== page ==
Syringe Exchange and Disposal

Syringe exchange and disposal is an evidence-based public health program designed to reduce the spread of HIV, hepatitis C and other blood-borne infections among people who inject drugs, their families and the larger community.

Services

  • New, sterile syringes in exchange for used ones
  • Wound care
  • Safer sex supplies

Staff routinely offer risk reduction counseling and referrals to medical care, housing, STD treatment, mental health counseling and alcohol and drug treatment.


Schedule

Download a printable flyer: English | Spanish

Monday

12-5pm | *Outside In, 1219 SW Main St

3-6pm | Clark County in Vancouver, WA, 3701 E Fourth Plain Blvd

Tuesday

12-5pm | *Outside In, 1219 SW Main St

7-9pm | SE 82nd Ave and Ash St, one block off Burnside – in the white van

Wednesday

12-5pm | *Outside In, 1219 SW Main St

3-5pm | SE 190th Ave, between Division St & Yamhill St— in the white van

3-6 pm | Clark County in Vancouver, WA, 3701 E Fourth Plain Blvd

Thursday

12-5pm | *Outside In, 1219 SW Main St

2-5pm | *Clackamas Service Center, 8800 SE 80th (off 82nd Ave & Cornwell)

2-4pm | 5411 NE MLK Jr. Blvd. (around the corner of NE MLK & NE Killingsworth)

Friday

12-5pm | *Outside In, 1219 SW Main St

2-4pm | 5411 NE MLK Jr. Blvd. (around t he corner of NE MLK & NE Killingsworth)

3-5 pm | Clark County in Vancouver, WA, 3701 E Fourth Plain Blvd

7-9pm | SE 82nd Ave and Ash St, one block off Burnside – in the white van

 

*Outside In & Clackamas Service Center exchange up to 50 needles per day.

 


More about syringe exchange

Is syringe exchange legal?

In Oregon, it is legal for a person over 18 years of age to purchase syringes without a prescription. Hypodermic syringes and needles are exempted from the Oregon drug paraphernalia law (ORS.475.525).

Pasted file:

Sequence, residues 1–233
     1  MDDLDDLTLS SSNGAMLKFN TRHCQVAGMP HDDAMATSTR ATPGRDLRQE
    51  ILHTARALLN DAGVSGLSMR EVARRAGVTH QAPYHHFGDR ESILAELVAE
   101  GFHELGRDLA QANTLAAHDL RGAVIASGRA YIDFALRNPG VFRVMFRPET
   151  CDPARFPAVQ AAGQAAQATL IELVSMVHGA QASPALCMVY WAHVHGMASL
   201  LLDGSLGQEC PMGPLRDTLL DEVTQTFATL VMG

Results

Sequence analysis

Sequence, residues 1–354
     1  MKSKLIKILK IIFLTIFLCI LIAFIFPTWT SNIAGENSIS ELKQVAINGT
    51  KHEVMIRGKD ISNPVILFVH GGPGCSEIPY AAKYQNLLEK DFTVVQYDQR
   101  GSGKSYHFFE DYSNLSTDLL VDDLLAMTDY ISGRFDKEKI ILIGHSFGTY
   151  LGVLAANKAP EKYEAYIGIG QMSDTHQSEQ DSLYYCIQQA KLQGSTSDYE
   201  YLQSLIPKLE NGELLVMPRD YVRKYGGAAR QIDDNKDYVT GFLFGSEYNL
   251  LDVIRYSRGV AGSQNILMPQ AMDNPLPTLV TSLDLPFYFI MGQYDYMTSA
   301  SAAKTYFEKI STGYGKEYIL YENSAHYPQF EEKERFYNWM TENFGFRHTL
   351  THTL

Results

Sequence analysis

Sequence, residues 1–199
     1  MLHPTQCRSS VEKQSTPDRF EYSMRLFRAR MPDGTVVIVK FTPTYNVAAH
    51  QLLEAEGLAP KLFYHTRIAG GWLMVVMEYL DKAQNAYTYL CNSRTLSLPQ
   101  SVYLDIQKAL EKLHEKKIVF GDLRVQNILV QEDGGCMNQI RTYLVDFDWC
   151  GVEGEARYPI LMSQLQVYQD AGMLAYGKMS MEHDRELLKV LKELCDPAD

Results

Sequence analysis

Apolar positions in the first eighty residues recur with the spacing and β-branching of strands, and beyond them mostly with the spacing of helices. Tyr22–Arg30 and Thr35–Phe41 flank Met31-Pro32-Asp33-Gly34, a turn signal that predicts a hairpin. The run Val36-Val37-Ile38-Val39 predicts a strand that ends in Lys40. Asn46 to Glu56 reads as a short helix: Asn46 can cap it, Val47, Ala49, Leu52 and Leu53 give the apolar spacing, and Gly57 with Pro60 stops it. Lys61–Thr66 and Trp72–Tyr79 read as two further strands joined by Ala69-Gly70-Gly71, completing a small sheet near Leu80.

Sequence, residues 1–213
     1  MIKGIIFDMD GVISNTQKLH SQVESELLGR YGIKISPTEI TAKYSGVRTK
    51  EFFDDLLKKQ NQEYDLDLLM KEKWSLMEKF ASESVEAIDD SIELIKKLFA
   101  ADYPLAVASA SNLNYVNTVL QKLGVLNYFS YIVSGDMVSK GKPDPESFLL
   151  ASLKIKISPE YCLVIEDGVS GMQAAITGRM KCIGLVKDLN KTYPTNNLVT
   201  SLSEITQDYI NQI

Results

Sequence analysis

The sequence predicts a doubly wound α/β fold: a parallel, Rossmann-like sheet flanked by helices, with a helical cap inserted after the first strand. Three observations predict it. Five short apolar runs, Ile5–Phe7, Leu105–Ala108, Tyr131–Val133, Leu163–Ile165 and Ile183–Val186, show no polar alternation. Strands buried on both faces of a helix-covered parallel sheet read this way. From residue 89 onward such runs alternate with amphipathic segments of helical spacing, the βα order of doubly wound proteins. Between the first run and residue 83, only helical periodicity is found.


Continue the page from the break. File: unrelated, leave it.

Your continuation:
Why do we need syringe exchange in Multnomah County?

Drug use is a significant problem in our community with many negative consequences to individuals, families, and neighborhoods. In Multnomah County, injection drug use is one of the leading causes of HIV infection. Not only is the person injecting drugs at risk of HIV infection, but his or her sexual partners and unborn children may also be at risk.

Public health efforts to reach out with syringe exchange services to those who may not be able or willing to stop injecting drugs is one part of the solution. Our primary mission is to prevent the spread of blood-borne infections such as HIV and hepatitis C. Many government agencies and community-based organizations have recommended that one-time-only use of sterile syringes is an important strategy to reduce the spread of HIV, hepatitis C and other blood-borne infections. Some of these organizations include: the U.S. Public Health Service, the Institute of Medicineof the National Academy of Sciences, the U.S. Prevention Services Task Force, Centers for Disease Control and Prevention, the National Research Council, the National Commission on AIDS, the American Medical Association, and many others.

Do syringe exchange programs increase the amount of drug use?

In 1997, an independent panel assembled by the National Institute of Health issued a report stating that exchange services do not increase needle injecting behavior among current users, nor was it found to encourage people to start injecting drugs. In fact, syringe exchange has become a gateway for substance abuse treatment readiness and referral. In Tacoma, Washington, the syringe exchange program is the single largest source of treatment referrals in the entire county.

Does syringe exchange work?

Multiple studies have compared cities that have low rates of HIV infection among people who inject drugs with cities that have high rates of HIV infection among people who inject drugs. These studies found that the cities with low rates had started syringe exchange and prevention efforts early in the AIDS epidemic.

Economic studies examining the costs associated with HIV infection have found that the cost per HIV infection prevented by syringe exchange runs about $4,000 to $12,000—considerably less than the estimated $400,000 lifetime medical costs of treating a person who is infected.